Atlantic Urban Forestry Collective: Highlighting urban forestry programs in Charlottetown, PEI

Heather Fraser

Regional Representative Atlantic Region, Représentante de la région atlantique du RCFU

By Heather Fraser, Regional Representative Atlantic Region

The City of Charlottetown, PEI, under Beth Hoar, Parkland Conservationist and ISA Certified Arborist, has had a busy few years after completing a street tree inventory in 2015 and using that inventory data as a proactive tool to manage the operational street tree program.

The i-Tree Eco program sampled woodland and natural areas tree inventory as well with random plots in woodlands, riparian zones, and hedgerows across Charlottetown recording information on every tree within the plot. The information recorded included: species composition, location, number of trees, tree height, density, canopy spread, structural condition, overall health, maintenance required, overhead utilities, ownership and comments. This information created an effective and efficient tree maintenance schedule for pruning, removals, watering, helped to develop strategic tree planting plans, assisted with developing management strategies for invasive species, presence of insect pests and diseases, assisted with creating tree protection policies. Through this program we can make inquiries about tree species: Where are the native trees? Do we have invasive tree species; what and where are they located? How many different tree species do we have in the community? Do we have too many of any particular species? Maximum percentage that should be present in the street tree population, how many trees are of similar age, what trees are susceptible to boring insect pests?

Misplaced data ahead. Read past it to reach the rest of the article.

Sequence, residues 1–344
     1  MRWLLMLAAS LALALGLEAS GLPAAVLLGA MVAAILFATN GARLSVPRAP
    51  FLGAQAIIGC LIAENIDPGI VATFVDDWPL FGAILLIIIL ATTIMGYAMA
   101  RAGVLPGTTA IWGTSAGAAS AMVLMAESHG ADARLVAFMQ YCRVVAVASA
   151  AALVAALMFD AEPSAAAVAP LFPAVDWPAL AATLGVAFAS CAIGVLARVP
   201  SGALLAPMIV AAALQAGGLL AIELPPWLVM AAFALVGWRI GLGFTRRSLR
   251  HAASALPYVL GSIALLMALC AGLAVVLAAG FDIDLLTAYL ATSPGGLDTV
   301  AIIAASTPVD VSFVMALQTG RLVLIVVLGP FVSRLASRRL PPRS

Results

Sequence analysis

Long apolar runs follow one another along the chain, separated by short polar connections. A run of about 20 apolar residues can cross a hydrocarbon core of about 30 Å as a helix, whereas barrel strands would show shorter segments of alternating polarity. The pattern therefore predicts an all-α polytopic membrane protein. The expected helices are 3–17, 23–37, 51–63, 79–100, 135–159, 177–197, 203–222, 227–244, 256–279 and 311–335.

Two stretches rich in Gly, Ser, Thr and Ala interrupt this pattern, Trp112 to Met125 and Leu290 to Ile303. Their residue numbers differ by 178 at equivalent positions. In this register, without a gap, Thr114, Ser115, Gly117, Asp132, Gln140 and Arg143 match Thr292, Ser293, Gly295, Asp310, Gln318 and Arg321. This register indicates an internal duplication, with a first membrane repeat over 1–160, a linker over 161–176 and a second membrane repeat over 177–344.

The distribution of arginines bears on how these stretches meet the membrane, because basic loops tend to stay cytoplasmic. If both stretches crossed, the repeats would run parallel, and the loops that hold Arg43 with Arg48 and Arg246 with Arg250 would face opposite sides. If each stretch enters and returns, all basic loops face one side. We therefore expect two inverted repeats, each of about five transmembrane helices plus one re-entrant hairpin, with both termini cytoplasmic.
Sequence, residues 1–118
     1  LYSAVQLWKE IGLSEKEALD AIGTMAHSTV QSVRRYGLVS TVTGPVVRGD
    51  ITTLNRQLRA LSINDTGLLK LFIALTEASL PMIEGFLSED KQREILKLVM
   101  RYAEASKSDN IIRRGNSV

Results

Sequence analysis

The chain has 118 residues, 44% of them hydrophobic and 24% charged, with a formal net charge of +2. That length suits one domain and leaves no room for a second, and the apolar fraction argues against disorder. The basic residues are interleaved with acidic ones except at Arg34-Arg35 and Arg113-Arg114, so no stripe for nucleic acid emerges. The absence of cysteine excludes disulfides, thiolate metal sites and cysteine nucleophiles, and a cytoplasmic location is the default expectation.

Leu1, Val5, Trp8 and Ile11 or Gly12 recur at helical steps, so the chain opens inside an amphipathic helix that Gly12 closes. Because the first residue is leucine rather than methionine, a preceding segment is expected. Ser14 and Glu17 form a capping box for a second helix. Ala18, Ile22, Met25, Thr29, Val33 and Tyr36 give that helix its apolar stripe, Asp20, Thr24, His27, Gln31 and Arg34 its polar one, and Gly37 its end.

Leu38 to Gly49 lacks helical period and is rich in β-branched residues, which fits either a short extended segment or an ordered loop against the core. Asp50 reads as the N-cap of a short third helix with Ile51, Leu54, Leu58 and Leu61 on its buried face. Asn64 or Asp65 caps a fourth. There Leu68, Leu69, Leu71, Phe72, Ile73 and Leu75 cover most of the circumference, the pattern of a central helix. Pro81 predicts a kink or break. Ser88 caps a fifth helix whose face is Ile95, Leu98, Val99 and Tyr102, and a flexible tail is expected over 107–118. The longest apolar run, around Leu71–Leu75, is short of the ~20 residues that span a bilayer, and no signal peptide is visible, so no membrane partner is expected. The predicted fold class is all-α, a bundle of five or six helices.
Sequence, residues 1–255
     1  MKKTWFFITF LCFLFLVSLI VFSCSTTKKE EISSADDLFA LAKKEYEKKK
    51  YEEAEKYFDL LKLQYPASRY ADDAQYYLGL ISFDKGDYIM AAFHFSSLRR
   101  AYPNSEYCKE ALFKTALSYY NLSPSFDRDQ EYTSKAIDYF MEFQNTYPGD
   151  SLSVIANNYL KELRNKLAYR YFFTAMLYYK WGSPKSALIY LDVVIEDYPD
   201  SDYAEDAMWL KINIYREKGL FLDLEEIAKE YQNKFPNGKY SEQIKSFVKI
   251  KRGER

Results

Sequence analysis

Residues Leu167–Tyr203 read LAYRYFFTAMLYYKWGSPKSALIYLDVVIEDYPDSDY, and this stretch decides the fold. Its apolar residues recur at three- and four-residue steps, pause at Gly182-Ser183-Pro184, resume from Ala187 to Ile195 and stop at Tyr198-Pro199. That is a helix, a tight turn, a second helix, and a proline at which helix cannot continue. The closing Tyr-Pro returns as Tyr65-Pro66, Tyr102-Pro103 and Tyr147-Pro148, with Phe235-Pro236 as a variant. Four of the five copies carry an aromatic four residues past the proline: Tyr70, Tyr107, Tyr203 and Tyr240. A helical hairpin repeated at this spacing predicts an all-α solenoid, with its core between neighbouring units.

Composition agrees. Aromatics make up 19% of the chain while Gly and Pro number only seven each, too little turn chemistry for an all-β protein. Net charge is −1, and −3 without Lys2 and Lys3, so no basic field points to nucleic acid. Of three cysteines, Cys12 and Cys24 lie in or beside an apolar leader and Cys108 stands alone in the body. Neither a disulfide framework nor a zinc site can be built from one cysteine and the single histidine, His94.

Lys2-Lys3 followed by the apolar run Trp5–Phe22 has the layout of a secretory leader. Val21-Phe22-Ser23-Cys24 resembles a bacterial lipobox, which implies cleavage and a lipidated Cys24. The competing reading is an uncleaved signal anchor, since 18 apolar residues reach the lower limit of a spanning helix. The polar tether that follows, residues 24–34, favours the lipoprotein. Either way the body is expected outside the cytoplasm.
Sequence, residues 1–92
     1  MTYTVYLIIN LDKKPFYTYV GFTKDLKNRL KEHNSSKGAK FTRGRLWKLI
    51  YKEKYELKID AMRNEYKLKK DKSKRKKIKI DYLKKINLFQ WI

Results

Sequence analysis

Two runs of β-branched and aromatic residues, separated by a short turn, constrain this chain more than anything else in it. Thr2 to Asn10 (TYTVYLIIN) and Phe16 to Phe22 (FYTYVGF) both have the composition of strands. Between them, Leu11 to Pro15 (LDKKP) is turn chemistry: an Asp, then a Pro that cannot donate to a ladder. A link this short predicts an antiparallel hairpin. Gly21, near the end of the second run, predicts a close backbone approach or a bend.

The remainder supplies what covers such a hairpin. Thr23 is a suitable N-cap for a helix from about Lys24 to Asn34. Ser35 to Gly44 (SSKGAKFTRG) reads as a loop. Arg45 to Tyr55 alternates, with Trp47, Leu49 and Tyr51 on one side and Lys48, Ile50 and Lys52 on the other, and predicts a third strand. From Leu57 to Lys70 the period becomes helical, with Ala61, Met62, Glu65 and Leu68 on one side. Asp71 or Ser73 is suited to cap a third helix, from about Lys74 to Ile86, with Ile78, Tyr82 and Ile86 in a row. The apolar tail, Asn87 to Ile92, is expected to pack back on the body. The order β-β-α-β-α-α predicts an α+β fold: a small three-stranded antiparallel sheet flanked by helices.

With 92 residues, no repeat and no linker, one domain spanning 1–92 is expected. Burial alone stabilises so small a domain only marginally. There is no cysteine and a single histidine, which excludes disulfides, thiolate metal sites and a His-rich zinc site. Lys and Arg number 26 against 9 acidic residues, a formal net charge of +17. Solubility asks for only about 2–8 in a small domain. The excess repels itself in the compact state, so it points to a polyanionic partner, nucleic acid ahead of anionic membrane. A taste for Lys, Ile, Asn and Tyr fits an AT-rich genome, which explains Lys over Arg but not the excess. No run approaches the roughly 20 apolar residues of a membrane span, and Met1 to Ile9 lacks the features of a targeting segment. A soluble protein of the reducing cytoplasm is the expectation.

Charlottetown found answers all these questions and was able to make management decisions. One in particular was that they needed to stop planting Norway maples, as they are an invasive species. The City had not been planting Norway maples in parks or as street trees for a number of years, information they knew before the survey but the street tree study confirmed it. All of the questions above and more are important to know your tree community.